The county-organized group studying missing middle housing, meanwhile, believes that only about 20 current single-family lots per year would becoming multifamily if the framework was adopted.

Contrary to the study’s suggestion that allowing more housing types would provide more modestly-priced homes for more people, at least relative to the current cycle of tearing down older homes in order to build single-family large homes at higher price points, Sundburg and other missing middle critics also assert that that the plan will do nothing to create more affordable housing.

“It should be noted that this upzoning plan will produce NO affordable housing (for anyone but the truly wealthy), will further inflate land values (and tax bills), and will displace existing fixed-, lower- and middle-income residents,” she wrote.

Aerial view of a row of townhouses near Rosslyn (Staff Photo by Jay Westcott)

The Sierra Club and the NAACP, however, both said their support is at least partially based on missing middle creating more housing opportunities, particularly for those who cannot currently afford a single-family home.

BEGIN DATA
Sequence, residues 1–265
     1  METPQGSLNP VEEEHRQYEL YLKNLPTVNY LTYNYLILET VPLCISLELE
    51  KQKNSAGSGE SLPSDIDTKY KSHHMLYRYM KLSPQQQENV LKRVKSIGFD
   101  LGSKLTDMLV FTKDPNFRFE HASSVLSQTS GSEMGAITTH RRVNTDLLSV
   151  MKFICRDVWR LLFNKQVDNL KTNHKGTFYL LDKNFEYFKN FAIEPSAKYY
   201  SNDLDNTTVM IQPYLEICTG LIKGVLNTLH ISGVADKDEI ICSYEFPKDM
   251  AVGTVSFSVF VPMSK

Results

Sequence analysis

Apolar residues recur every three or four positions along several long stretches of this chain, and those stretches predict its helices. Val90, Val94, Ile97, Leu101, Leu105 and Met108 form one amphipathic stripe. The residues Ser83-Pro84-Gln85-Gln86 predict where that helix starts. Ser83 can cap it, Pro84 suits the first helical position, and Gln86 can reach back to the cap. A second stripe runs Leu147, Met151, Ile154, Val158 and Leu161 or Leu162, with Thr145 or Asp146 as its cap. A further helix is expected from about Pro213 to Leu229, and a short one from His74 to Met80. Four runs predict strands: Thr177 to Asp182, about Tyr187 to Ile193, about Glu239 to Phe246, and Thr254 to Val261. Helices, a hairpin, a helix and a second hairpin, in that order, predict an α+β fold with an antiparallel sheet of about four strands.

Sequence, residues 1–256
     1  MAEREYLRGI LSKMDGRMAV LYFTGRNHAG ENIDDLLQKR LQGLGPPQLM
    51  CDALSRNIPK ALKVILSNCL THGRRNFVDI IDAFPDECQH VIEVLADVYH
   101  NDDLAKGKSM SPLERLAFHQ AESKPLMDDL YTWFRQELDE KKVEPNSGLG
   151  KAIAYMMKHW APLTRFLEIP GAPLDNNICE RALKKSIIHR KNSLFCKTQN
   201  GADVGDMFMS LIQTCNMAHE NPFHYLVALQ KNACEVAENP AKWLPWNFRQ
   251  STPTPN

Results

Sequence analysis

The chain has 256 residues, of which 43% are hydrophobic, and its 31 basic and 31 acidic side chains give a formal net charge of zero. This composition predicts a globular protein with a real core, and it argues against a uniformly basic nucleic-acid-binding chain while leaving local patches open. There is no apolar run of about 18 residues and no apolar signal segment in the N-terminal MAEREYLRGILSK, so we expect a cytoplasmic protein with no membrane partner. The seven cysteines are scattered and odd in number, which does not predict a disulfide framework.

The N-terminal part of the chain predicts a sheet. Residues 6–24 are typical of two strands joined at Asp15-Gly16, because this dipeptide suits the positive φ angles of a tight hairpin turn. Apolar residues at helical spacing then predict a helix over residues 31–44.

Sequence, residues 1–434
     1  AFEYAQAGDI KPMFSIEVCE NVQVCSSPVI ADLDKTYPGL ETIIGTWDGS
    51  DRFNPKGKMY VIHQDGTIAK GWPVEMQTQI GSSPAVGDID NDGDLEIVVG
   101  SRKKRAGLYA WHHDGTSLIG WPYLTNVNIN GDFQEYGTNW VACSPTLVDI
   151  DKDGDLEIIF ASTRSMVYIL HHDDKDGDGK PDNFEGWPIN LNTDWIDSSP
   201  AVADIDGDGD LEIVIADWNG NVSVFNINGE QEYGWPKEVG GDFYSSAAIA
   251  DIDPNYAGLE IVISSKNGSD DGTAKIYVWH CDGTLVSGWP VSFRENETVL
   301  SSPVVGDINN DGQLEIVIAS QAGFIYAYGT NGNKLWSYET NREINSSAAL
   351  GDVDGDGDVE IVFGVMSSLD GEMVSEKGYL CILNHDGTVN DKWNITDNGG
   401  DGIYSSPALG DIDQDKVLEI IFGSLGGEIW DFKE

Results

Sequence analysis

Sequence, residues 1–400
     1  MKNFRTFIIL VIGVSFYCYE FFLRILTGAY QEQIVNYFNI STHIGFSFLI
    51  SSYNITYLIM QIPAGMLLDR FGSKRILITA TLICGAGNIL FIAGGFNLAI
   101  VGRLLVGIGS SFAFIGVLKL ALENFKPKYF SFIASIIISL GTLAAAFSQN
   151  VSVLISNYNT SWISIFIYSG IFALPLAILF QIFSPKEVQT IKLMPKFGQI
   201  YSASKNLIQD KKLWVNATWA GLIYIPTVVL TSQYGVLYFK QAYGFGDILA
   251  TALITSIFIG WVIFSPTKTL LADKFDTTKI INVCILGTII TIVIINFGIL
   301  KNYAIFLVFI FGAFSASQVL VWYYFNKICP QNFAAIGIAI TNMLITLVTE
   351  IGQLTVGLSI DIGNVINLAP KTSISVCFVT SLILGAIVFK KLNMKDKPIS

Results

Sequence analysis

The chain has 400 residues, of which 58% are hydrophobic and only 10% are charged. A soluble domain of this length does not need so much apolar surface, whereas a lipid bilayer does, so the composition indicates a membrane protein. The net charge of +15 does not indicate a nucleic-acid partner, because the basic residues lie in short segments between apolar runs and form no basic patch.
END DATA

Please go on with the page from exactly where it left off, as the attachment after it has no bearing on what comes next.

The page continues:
From the club’s letter:

There are important equity and justice issues involved in this policy decision. There is a long history in Arlington of excluding those who cannot afford the cost of a single-family home from living within about 70 percent of the County’s land area, including many of the most scenic and desirable areas close to parks, transportation, top-ranked schools and other amenities. This exclusion is accomplished by the County’s single-family-only zoning law. While this currently operates as a form of economic exclusion, in the not-too-distant past explicit race-based provisions were included in many neighborhoods. While many contend that the currently practiced economic exclusion is benign, we believe the evidence strongly supports our view that it is a factor in the ongoing disparities that exist in our community. As land prices in Arlington climb ever higher, the unfairness of exclusive zoning laws only grows.

Sundburg — and other missing middle critics like the group Arlingtonians for Our Sustainable Future (ASF) — claim the opposite is true.

“Make no mistake: upzoning=gentrification,” Sundburg wrote. “Call it anything you like, but no historic wrong will be corrected by this latest upzoning scheme.”

“For almost 20 years, developers have been looking to crack on the last bit of buildable land in Arlington,” she continued, “And now at long last, using racial justice as a pretext, they and their REIT investors/speculators will profit at the expense of the degrading of the air we breathe and the water we drink. Skyrocketing tax bills (a direct consequence of increasing the land’s ‘development potential’) will drive up the cost of housing for all Arlingtonians, and it will displace the dwindling number of Black neighbors still residing in Arlington’s historic African American communities.”

ASF made a similar assertion in a five-page analysis of the draft framework.